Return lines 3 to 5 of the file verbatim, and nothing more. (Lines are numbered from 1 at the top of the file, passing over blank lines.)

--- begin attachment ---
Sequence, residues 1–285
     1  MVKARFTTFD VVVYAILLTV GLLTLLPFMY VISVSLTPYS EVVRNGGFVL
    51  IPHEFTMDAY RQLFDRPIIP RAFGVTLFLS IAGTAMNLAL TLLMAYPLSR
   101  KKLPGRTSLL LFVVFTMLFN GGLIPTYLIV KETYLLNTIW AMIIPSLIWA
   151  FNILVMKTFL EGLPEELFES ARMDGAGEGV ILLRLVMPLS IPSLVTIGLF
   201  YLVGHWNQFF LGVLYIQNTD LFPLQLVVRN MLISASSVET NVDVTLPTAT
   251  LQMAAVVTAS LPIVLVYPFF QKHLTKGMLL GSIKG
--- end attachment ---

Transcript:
    51  IPHEFTMDAY RQLFDRPIIP RAFGVTLFLS IAGTAMNLAL TLLMAYPLSR
   101  KKLPGRTSLL LFVVFTMLFN GGLIPTYLIV KETYLLNTIW AMIIPSLIWA
   151  FNILVMKTFL EGLPEELFES ARMDGAGEGV ILLRLVMPLS IPSLVTIGLF